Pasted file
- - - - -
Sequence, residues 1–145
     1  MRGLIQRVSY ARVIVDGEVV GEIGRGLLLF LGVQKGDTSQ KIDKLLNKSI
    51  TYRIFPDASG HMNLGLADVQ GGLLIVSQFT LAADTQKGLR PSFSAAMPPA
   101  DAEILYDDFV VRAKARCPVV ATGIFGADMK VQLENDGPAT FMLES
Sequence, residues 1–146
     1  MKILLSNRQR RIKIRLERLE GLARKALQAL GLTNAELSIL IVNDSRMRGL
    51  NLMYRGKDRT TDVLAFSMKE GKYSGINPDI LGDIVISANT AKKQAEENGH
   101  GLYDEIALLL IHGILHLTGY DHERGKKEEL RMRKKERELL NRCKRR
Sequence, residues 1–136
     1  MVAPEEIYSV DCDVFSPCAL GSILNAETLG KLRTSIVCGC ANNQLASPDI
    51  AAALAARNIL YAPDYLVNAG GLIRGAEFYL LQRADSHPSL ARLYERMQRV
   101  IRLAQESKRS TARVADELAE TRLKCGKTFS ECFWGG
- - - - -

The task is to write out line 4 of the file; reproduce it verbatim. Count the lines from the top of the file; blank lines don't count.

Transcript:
   101  DAEILYDDFV VRAKARCPVV ATGIFGADMK VQLENDGPAT FMLES